racial beliefs but whose right of appeal expired, Representative
Bobby Scott (D-Richmond) says, "They would have to make a strong case
that they were not guilty and were unjustly convicted. But, then,
they would have to explain why they did not avail themselves of their
automatic appeal right."

Although Scott doesn't understand how Robertson could have been on
the bench as long as he was with his views, he says it would be
procedurally difficult to set aside a conviction after the time for
appeal has passed, except if someone is still incarcerated. "In those
cases, it creates a very difficult situation because people feel that
they were unfairly convicted and now they have a criminal record," he
states.

Cooley, too, was flabbergasted by Robertson's [remarks]
asserts, "I've never had a defendant want to appeal their sentence
because they thought Robertson was racist," he continues, adding that
he didn't think Robertson's appeal rate was any higher than any of
the other District Court judges. "In fact," he says, "I think it was
far lower."

For his part, Robertson maintains he's a "racialist" rather than
a "racist," the former, he implies is a racial realist while the
latter is a bigot. He asks African Americans to understand "that I
have never done anything in my court that has ever reflected racism.
I have made many friends in the African American community, and I
hope they will accept this apology."


But, says Scott, "If those are his views, it's appropriate for him to
have retired. The remarks are obviously indefensible and I cannot
imagine any context in which those words would have been
appropriate." Robertson's retirement will be official beginning April
1, 2004.
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PostPosted: Tue Mar 23, 2004 6:46 pm    Post subject: Re: Racist or Racialist? Reply with quote

truthseeker wrote:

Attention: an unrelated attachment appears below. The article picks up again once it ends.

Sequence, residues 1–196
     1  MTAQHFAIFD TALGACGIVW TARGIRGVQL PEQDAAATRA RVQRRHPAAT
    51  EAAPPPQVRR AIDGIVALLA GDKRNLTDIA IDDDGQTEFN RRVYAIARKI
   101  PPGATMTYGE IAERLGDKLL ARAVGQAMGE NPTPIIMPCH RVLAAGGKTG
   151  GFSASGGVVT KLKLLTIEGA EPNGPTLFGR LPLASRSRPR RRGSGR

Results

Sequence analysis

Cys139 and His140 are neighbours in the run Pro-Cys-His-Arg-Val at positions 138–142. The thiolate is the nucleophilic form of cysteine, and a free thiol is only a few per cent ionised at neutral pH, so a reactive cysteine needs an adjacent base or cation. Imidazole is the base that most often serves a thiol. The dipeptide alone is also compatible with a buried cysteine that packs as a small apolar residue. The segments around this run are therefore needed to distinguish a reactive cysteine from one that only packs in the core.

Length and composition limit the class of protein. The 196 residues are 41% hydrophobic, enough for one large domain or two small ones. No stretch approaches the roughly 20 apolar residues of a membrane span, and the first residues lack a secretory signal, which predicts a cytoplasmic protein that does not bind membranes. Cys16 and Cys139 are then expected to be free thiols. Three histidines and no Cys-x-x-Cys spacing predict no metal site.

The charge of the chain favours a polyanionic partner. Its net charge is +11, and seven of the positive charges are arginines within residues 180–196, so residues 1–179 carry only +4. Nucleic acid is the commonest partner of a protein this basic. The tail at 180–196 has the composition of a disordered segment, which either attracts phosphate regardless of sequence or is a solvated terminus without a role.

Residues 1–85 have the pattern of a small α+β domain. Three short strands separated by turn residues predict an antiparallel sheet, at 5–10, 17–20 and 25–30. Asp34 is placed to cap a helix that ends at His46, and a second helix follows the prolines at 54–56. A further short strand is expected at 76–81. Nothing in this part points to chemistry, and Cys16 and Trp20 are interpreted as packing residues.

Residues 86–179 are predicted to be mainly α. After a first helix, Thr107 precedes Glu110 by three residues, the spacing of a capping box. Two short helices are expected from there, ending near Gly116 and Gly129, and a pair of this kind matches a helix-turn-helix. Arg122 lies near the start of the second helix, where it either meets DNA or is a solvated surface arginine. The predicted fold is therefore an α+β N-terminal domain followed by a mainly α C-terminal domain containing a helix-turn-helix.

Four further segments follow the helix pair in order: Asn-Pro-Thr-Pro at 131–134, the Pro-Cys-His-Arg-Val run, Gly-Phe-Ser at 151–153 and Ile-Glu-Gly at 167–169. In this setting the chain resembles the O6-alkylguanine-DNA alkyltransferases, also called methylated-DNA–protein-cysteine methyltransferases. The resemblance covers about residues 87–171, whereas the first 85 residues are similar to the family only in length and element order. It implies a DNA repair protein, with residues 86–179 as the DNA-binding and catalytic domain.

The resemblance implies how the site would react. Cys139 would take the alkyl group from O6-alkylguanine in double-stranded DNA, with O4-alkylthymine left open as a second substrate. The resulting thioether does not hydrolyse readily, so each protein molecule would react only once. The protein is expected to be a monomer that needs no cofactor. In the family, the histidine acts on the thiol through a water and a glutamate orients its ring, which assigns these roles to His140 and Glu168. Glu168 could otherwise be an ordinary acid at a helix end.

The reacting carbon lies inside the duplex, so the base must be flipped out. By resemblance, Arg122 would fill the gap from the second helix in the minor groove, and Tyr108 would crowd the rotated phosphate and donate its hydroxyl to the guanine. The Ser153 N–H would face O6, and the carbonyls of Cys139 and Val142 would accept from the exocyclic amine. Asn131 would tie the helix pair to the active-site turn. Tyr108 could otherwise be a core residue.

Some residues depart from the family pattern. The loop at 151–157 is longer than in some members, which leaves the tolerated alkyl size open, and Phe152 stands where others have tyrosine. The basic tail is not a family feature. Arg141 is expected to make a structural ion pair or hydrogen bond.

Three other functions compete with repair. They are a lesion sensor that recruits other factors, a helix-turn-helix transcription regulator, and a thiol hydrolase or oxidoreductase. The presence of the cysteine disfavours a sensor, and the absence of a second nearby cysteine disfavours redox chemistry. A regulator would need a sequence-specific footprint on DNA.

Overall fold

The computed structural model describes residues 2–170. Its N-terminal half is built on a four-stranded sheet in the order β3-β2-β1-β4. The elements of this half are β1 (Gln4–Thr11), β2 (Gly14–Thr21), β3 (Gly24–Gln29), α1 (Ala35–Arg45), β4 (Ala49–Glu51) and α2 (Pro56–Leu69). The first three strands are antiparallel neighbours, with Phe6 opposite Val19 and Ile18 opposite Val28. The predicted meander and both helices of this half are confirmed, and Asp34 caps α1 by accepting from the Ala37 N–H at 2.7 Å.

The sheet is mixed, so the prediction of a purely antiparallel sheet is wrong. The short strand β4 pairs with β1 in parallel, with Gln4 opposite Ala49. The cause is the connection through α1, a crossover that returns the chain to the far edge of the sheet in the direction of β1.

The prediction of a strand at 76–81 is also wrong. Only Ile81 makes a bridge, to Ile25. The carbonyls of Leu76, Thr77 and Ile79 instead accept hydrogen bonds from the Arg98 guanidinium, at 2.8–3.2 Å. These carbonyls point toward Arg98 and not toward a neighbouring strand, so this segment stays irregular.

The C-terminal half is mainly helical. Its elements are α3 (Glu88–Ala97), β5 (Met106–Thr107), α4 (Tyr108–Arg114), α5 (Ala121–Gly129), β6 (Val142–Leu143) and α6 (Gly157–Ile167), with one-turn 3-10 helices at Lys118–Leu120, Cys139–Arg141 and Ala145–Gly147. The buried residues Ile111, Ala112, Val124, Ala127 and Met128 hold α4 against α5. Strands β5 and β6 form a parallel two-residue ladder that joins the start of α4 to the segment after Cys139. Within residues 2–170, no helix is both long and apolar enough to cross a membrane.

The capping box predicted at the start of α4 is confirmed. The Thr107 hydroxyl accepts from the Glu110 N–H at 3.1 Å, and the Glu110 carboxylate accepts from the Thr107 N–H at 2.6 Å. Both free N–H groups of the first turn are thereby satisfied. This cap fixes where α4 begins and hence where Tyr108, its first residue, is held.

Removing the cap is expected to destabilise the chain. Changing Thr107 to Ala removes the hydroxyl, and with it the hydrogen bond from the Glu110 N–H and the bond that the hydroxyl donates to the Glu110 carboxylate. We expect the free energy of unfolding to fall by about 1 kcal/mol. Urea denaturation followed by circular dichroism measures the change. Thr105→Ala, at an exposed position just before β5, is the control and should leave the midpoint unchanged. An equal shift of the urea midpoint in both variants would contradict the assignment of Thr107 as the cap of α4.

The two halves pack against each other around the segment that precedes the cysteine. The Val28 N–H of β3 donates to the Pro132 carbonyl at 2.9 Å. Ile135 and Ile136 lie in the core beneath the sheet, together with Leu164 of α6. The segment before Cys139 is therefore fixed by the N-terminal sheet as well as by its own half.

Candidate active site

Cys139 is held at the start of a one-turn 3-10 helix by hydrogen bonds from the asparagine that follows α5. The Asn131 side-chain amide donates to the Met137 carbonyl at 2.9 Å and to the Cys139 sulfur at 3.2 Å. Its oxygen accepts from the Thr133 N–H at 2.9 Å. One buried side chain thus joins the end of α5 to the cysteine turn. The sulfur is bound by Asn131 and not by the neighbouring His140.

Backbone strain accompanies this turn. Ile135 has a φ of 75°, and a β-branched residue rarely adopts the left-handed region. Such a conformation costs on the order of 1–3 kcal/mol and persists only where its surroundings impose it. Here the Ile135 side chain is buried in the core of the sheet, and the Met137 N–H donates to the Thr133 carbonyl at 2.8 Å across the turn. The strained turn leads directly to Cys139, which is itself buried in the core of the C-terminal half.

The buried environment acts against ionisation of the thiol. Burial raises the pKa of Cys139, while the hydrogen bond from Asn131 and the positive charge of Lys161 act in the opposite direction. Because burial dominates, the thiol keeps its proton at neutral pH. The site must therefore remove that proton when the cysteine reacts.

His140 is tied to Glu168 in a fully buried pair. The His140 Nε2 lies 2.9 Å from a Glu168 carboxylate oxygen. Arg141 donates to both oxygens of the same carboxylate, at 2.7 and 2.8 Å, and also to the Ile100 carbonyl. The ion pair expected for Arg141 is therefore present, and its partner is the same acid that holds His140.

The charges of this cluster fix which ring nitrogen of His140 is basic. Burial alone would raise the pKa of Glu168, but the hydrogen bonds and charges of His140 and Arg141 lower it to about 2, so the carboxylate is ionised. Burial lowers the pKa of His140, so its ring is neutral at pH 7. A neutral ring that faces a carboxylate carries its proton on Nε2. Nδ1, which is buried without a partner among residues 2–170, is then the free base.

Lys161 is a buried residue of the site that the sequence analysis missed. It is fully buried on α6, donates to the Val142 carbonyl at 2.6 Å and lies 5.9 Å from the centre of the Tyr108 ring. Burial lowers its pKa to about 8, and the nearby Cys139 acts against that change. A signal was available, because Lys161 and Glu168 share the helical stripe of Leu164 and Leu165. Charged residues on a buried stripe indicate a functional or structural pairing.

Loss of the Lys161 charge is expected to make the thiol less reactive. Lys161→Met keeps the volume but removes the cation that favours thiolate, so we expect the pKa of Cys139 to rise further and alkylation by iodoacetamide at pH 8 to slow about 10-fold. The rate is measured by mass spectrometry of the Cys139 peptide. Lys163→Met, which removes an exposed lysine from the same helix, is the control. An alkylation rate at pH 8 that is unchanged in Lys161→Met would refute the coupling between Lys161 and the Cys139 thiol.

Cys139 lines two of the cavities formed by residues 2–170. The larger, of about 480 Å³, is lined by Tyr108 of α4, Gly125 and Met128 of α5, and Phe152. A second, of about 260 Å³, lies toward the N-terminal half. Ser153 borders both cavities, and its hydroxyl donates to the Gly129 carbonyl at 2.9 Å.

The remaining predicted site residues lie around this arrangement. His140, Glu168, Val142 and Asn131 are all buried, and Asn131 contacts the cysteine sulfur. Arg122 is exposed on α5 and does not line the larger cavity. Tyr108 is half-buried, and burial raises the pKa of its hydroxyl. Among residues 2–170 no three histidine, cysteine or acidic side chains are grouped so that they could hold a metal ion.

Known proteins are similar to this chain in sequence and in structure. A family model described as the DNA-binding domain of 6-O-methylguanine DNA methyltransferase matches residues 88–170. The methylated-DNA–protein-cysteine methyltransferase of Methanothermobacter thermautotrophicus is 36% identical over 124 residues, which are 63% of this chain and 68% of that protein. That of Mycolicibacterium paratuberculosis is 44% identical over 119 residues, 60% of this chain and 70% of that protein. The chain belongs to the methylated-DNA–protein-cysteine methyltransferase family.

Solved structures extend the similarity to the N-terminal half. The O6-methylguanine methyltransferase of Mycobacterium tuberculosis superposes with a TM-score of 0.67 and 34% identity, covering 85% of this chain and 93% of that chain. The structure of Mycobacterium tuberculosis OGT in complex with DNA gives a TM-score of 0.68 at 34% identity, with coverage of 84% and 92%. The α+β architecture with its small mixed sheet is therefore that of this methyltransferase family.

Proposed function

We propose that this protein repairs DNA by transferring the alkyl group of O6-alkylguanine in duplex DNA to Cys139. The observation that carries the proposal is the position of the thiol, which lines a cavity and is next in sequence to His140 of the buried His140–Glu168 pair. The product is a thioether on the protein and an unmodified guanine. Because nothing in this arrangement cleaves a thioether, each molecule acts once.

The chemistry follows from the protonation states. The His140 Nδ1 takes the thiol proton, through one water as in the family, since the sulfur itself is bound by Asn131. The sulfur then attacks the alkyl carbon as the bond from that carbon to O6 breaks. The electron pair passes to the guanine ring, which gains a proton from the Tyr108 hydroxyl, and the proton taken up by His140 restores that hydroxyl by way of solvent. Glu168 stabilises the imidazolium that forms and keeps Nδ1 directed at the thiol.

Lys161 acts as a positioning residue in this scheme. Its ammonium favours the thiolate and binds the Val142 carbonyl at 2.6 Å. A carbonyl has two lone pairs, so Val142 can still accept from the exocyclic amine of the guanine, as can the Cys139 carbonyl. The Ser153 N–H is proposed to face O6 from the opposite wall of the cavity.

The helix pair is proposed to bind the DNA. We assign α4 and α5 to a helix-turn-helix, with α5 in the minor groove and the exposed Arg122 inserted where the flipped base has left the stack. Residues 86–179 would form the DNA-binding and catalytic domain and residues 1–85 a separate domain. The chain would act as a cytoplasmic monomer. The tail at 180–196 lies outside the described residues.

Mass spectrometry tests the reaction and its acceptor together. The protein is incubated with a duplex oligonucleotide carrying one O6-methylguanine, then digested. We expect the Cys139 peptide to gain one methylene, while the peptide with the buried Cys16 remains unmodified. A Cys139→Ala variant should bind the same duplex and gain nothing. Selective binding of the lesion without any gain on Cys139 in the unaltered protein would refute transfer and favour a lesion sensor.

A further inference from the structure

I've never heard of a "racialist", sounds more like white supremacy confusion....your thoughts?

truthseeker

I suspect you are correct. The racists (white supremacists) don't want anyone to be convicted of racism (white supremacy) because there are criteria that goes with that. If someone is convicted of being a racist (white supremacist) someone has to decide what the person says and/or does (criteria) that has defined that person as a racist (white supremacist). Once this is done you can take that criteria and measure any white person against it and sue them for millions of dollars.

Notice how even the word "racialist" is not defined in the article. They'll say someone made "racist remarks" but no one is saying he's a racist (white supremacist)? What kind of logic is that?

Check what he wrote...

[/quote="Judge Robertson']For his part, Robertson maintains he's a "racialist" rather than
a "racist," the former, he implies is a racial realist while the
latter is a bigot. He asks African Americans to understand "that I
have never done anything in my court that has ever reflected racism.
I have made many friends in the African American community, and I
hope they will accept this apology."
[/quote]

He implies? See, this is the reason you have to get a definition of the word. Now neither of the supposed definitions say anything about mistreating people on the basis of color but the entire article is about "African Americans" (colored/non-white people) being mistreated...

...you gotta follow THE LOGIC.

Someone should ask him if he's a white person and then ask him what is a "realist".